The heinous shooting of 14-year-old protest blogger Malala Yousafzai has made the international news this month. Here are 5 other incredibly brave young activists fighting against injustice.
I wrote the cover story for PSI Impact Magazine about how the international global health community is starting to focus on youth health issues. Traditionally, the main focus has been on newborns and children, but there is a growing recognition that youth in their teens and twenties are a critical cohort to target health interventions.
Los Angeles Representative (and blogger) Xavier Beccera hosted one of The Global Debates — an initiative of the The People Speak, a UN Foundation program designed to get youths discussing important issues — between these two Santee High School students (and potential future members of Congress).
That definitely does not sound good.
At least 50 tonnes of cocaine from Andean countries pass through West Africa every year, heading mostly to the streets of France, Spain and the United Kingdom, where they are worth some $2 billion.
“This is probably the tip of the cocaine iceberg,” said the Executive Director of the UN Office on Drugs and Crime (UNODC), Antonio Maria Costa, at a high-level conference in the Cape Verde capital, Praia.
Cocaine seizures have doubled every year for the past three years, with the 2007 total amounting to 6,458 kilogrammes, and major seizures this year include a 600 kilogramme cocaine bust at the airport in Freetown, Sierra Leone, this summer, according to a report launched by UNODC at the Praia meeting.
This iceberg has already caused more damage than the one that felled the Titanic, and it will take more than global warming to eliminate it. According to Mr. Costa, the cocaine problem is not only endangering West Africa’s youth and stunting its economy, it is also “a threat to public health and security” overall. And unlike an iceberg, this is a fully globalized issue, and countries from the Andes to Africa to Europe all have an interest in curtailing the drug traffic.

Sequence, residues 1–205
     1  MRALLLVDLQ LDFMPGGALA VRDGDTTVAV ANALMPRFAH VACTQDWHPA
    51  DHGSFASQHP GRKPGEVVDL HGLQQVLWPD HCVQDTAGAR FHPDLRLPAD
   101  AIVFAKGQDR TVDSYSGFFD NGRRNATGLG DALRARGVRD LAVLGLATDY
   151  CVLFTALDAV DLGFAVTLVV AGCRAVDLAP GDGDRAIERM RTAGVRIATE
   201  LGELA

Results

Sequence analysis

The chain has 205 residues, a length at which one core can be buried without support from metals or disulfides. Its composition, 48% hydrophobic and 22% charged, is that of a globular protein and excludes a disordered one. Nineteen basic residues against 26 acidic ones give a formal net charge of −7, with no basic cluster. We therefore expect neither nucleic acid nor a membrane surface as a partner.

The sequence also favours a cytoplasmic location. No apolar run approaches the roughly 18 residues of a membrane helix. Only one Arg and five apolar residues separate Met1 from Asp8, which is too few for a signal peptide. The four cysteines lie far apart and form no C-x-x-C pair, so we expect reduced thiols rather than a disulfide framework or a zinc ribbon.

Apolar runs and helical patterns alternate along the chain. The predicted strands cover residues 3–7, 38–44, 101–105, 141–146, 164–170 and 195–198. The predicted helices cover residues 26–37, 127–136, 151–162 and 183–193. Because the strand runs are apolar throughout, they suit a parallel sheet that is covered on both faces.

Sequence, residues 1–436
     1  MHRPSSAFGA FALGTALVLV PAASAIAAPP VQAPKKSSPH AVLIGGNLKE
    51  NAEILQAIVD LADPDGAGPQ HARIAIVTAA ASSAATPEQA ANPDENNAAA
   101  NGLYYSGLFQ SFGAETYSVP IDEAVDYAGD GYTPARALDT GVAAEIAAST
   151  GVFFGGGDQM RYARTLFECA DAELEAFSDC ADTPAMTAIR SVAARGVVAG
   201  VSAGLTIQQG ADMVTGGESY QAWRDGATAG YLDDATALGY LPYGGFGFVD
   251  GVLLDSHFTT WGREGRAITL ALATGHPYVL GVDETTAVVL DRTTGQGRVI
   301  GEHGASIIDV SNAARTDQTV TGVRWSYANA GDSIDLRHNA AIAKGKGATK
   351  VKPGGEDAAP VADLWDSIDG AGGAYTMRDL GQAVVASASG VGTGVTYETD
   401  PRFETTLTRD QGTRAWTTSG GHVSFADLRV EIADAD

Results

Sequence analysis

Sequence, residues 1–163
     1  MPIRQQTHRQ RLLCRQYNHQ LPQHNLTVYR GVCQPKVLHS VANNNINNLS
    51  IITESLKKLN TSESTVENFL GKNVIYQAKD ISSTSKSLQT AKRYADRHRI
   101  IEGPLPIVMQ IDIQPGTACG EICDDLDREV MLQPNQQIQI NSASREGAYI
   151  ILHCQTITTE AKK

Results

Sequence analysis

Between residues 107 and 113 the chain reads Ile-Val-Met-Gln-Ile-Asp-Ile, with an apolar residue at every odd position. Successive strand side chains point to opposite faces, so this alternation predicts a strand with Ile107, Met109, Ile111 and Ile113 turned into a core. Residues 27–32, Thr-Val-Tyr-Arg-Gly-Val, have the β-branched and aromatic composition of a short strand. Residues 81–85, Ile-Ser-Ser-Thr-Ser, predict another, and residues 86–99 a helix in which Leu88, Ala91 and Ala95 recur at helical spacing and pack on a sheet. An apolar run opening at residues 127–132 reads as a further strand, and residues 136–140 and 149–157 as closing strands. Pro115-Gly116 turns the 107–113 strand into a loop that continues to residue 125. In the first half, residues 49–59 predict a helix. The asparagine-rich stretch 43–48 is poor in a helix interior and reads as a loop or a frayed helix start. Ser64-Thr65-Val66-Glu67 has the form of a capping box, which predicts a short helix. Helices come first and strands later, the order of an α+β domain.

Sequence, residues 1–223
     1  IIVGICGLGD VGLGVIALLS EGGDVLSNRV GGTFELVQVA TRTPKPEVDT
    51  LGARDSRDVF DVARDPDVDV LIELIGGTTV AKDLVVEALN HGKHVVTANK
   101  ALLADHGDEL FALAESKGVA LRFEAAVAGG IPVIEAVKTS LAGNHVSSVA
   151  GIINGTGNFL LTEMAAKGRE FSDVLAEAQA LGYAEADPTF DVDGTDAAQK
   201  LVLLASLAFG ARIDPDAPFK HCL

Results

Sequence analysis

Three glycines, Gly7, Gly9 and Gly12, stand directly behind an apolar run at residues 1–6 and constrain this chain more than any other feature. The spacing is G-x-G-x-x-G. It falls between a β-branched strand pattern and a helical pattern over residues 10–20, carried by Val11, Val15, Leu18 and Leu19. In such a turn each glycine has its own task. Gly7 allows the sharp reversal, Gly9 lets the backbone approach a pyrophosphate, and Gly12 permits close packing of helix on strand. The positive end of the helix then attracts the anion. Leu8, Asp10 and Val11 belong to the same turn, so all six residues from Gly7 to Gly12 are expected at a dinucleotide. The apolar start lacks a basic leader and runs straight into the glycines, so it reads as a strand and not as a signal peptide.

Jackie Chan may be best known for employing his martial arts prowess in Hollywood, but, in his role as a UNICEF Goodwill Ambassador, he is also bringing it to places like Dili, East Timor.
Screen kung fu legend Jackie Chan was greeted by thousands of cheering East Timorese on Wednesday in a UN goodwill visit to promote peace in the young and impoverished nation.
Demonstrating new moves on stage in front of 5,000 martial arts fans at Dili’s national stadium, Chan called on Timorese youth to avoid drugs and violence.
East Timor’s violent history, young population, and overwhelmingly scarcity of jobs make for a volatile combination. Chan’s message will likely resonate with the many East Timorese interested in martial arts and will hopefully convince many youths who may have been tempted to join gangs that the sport is meant to be used in a more positive, helpful way. And as this BBC report notes, the impact of a celebrity visit can only be realized when coupled with a more concerted effort to create valuable jobs in the country.
The SG: In Ethiopia over the weekend, the SG is now in the United Arab Emirates. Today he met with Sheikh Mohammad bin Rashed Al Maktoum, Vice President and Prime Minister of the UAE, where the two discussed developments in the region, including Syria, Iran, Lebanon, Egypt and Jordan, and in the Middle East Peace Process.